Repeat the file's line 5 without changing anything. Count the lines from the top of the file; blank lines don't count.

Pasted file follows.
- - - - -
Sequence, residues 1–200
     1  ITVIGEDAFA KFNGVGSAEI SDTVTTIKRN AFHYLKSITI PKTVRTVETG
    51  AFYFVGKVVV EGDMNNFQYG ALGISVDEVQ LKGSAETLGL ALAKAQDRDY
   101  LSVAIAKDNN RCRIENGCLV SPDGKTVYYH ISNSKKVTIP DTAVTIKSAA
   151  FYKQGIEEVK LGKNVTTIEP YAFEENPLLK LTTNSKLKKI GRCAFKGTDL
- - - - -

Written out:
   151  FYKQGIEEVK LGKNVTTIEP YAFEENPLLK LTTNSKLKKI GRCAFKGTDL